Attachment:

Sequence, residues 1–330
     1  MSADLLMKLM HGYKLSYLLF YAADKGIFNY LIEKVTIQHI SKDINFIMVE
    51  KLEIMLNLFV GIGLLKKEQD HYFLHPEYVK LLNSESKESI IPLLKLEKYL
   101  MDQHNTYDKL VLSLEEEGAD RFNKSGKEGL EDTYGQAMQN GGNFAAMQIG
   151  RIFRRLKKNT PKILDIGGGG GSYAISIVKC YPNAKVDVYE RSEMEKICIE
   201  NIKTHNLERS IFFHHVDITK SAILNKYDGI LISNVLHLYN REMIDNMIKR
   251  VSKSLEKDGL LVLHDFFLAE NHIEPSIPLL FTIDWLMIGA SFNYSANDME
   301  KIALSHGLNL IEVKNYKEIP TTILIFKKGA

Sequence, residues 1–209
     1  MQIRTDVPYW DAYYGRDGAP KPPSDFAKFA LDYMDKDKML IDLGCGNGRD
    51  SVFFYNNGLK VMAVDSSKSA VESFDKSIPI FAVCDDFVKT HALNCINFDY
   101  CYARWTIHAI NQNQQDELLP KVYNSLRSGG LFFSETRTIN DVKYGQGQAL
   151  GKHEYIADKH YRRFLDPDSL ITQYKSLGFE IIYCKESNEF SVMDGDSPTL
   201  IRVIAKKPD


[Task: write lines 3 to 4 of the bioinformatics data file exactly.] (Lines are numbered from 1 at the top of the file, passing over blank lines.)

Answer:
    51  KLEIMLNLFV GIGLLKKEQD HYFLHPEYVK LLNSESKESI IPLLKLEKYL
   101  MDQHNTYDKL VLSLEEEGAD RFNKSGKEGL EDTYGQAMQN GGNFAAMQIG